Israel’s Iron Dome missile defense drawing praise
ASHDOD, Israel — School is out in this coastal city, Israel’s fifth-most populous, but the playgrounds are empty. Most shops in the Sea Mall shopping center are closed.
Halfway between Gaza City and Tel Aviv, Ashdod has been the target of rockets from the Gaza Strip during several days of hostilities between Israel and Hamas, the militant group that controls the strip. Between air raid sirens, citizens try to maintain some sense of normality, while staying within running distance of shelter.
Few people venture out unnecessarily.
TIMELINE: Israel-Gaza conflict
But Omer Binyamin was sitting on the stairs outside the bank downtown the other day, a cigarette in one hand, his bank statement in the other.
“No way I’d be sitting out here in the open if it weren’t for Iron Dome,” said Binyamin, 32, a truck driver.
He was referring to the Israeli air defense system. Iron Dome has shown about an 85% success rate in stopping rockets deemed to pose a threat to life or property during the last six days, Israeli officials say. The system is widely credited in Israel with having minimized casualties.
Israeli Defense Minister Ehud Barak gushed this week about what he termed the “unprecedented” success of the anti-rocket system during a ceremony marking the installation of a fifth Iron Dome battery, this one in the Tel Aviv area. Within several years, Barak said, Israel plans “to cover the whole country, all around, against a much wider range of threats.”
Hours after it was installed, the Tel Aviv battery was credited with downing two rockets streaking toward the city.
But the system has not been flawless of late, despite the public accolades.
Authorities this week disclosed that an Iron Dome malfunction probably contributed to a rocket strike on an apartment complex in the town of Kiryat Malachi. Three people, including a pregnant woman, died in the attack, the most significant Israeli casualties of the violence.
Israeli press reports indicate that the Iron Dome installation in Kiryat Malachi suffered a communications problem. There have also been reports of shrapnel damage on the ground from the remains of Israeli interceptor missiles.
U.S. taxpayers have paid much of the reported $500-million price tag — to date — of Iron Dome, which Israel began developing five years ago. The U.S. ambassador here, Dan Shapiro, appeared with the Israeli defense minister in the ceremony installing the latest battery.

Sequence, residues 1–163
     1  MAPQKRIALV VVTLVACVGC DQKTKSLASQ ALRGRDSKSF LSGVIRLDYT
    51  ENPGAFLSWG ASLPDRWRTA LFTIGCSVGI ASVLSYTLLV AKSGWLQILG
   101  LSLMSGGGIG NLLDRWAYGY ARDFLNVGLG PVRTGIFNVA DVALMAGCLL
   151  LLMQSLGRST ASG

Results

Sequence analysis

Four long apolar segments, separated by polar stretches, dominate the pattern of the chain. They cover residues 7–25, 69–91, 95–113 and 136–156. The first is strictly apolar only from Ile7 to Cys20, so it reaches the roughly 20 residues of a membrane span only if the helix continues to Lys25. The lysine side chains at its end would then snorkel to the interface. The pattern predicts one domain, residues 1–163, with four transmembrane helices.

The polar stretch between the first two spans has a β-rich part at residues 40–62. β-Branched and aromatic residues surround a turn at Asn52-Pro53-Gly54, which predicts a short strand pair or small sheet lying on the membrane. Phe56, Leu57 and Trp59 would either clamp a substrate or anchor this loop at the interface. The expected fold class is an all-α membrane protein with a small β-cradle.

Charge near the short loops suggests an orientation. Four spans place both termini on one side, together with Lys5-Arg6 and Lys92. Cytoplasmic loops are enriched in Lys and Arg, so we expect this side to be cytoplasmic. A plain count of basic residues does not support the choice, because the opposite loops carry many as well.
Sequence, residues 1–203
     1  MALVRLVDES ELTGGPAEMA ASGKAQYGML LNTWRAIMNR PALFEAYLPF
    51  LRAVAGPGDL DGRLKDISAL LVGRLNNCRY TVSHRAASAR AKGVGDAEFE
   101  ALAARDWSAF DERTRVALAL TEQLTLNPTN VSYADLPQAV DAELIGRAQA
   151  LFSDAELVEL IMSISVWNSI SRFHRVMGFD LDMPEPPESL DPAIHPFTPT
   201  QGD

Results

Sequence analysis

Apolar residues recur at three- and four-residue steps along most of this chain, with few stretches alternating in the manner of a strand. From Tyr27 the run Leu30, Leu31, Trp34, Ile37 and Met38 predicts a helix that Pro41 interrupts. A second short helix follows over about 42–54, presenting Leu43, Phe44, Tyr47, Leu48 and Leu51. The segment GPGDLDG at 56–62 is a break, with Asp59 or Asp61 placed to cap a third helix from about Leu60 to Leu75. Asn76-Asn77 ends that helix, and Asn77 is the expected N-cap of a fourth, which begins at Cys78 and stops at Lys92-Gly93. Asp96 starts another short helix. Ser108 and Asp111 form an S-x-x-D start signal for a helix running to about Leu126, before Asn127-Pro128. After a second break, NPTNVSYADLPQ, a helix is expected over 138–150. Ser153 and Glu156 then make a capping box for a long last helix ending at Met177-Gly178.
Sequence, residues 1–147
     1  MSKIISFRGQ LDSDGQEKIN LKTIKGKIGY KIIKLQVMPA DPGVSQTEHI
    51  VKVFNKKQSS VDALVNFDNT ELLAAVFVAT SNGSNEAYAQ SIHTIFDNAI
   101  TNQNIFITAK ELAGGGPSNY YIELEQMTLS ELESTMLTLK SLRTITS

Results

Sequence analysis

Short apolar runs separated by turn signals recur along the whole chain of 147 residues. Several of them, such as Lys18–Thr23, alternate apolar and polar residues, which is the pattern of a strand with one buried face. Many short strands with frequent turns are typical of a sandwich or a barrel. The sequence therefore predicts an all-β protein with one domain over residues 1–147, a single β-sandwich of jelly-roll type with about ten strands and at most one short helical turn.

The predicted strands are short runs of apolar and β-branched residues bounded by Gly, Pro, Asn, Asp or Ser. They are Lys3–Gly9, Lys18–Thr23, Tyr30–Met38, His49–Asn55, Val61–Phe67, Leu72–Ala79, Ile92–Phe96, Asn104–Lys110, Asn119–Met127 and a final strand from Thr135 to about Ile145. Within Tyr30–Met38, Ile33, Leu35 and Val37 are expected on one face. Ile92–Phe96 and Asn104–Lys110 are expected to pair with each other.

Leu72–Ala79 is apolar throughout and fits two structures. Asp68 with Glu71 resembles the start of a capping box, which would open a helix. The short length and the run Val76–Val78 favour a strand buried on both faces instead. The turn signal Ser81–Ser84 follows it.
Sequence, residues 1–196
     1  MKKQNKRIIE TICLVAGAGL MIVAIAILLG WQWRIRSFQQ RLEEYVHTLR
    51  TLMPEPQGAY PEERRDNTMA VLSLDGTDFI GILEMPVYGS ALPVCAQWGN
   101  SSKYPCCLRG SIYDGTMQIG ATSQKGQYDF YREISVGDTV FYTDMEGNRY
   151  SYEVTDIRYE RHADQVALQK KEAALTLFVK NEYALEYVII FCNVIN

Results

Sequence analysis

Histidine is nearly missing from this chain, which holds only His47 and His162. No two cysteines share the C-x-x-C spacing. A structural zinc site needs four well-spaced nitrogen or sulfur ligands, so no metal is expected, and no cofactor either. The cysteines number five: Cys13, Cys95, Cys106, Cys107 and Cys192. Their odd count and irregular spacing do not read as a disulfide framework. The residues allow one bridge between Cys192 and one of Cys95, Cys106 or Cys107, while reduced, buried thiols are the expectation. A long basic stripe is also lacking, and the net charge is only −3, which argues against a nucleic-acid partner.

U.S. funding is also expected to underwrite Israeli’s next-generation antimissile shield, known as David’s Sling, aimed at longer-range missiles, fired from as far away as Iran. Rafael Advanced Defense Systems, the Israeli firm that developed Iron Dome, is also working on David’s Sling, along with Raytheon, the U.S. defense giant. Rafael would like to market Iron Dome globally.
The system is a dome in name only: It relies on missiles to destroy warheads in midair.
Among Iron Dome’s signature attributes is a computerized radar and tracking system that monitors the trajectory of incoming rockets and shells, calculating where the munitions are likely to land. Projectiles headed for unpopulated areas where there would be little material damage are allowed to proceed. The purpose of Iron Dome is to intercept only those rockets deemed to pose a threat to life or property.
The system also is designed to detonate targeted warheads over open areas, reducing the possibility of injuries on the ground.
Officials say more than 1,000 rockets have been fired from Gaza during the last week.
When Iron Dome was first proposed, the concept met considerable doubt. Skeptics worried that it would be ineffective, expensive and incapable of meeting the mounting threat of ever more and ever longer-range missiles in the stockpiles of Israel’s enemies, including Hamas in Gaza, Hezbollah in Lebanon and the government of Iran. The reported $50,000 each missile would cost seemed high when aggressors were known to possess tens of thousands of mostly inexpensive rockets that could reach Israeli territory.
But in places like Ashdod and other southern towns where the expanding range and numbers of Palestinian rockets are a genuine threat, the system has seemed invaluable.
“It’s very frightening — these rockets are no joke; they kill people,” Binyamin said.
At a small cafe, a few men sat around tables. Yehudah Arie contemplated a crossword puzzle.
“I hope the government is determined enough to put an end to this once and for all,” said Arie, adding that “you can’t keep half the country in bomb shelters forever.”
In midsentence, an air raid siren sounded . “You see what kind of place we live in?” Arie said.
“It’s the fourth this morning,” he said, ushering everyone nearby to a designated safe space, wedged between a drugstore and a real estate agency in a building next door.
A thud was heard just as an elderly woman walked in.
“They won’t reach us here?” she asked.
Sobelman is a news assistant in The Times’ Jerusalem bureau.
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